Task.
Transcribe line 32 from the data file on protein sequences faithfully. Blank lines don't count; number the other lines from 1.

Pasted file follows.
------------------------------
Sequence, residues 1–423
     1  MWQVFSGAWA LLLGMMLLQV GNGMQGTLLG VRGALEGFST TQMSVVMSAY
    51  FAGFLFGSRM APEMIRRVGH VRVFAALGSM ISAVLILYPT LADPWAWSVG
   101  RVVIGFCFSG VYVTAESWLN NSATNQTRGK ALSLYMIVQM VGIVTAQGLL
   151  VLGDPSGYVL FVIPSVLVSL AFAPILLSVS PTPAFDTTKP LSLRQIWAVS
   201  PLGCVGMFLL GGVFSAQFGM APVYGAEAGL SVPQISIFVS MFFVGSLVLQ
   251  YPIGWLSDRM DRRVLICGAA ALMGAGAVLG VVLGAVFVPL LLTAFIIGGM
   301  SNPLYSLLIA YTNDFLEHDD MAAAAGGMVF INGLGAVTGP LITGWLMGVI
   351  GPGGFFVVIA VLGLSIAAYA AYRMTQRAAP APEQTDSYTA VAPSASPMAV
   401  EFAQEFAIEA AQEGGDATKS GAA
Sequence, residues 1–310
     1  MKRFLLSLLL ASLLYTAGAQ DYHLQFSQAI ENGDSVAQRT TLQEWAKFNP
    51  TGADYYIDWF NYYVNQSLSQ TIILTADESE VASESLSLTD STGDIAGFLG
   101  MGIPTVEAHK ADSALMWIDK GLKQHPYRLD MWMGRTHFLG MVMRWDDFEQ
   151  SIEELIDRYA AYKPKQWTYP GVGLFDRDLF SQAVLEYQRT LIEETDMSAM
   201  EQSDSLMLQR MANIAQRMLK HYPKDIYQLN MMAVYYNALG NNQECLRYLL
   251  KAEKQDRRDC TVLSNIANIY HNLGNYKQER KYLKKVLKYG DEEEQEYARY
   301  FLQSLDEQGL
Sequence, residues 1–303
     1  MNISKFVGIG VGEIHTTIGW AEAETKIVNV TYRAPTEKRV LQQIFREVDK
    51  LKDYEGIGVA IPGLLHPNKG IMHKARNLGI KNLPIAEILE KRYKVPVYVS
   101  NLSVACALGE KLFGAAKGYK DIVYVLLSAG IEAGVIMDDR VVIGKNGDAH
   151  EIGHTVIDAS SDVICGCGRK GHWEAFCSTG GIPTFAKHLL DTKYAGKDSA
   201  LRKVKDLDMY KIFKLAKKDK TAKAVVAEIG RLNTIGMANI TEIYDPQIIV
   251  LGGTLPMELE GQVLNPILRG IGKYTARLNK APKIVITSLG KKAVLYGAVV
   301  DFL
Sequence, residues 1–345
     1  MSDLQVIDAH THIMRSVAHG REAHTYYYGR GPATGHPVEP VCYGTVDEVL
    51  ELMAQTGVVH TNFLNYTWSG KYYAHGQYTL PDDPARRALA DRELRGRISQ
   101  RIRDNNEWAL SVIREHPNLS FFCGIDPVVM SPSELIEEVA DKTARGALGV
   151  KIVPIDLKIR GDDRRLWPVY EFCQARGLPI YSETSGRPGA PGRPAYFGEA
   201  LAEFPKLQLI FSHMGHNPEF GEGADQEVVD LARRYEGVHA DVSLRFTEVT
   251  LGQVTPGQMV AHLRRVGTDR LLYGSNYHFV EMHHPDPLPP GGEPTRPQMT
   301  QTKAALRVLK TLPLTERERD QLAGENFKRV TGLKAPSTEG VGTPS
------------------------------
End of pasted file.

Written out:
   201  LAEFPKLQLI FSHMGHNPEF GEGADQEVVD LARRYEGVHA DVSLRFTEVT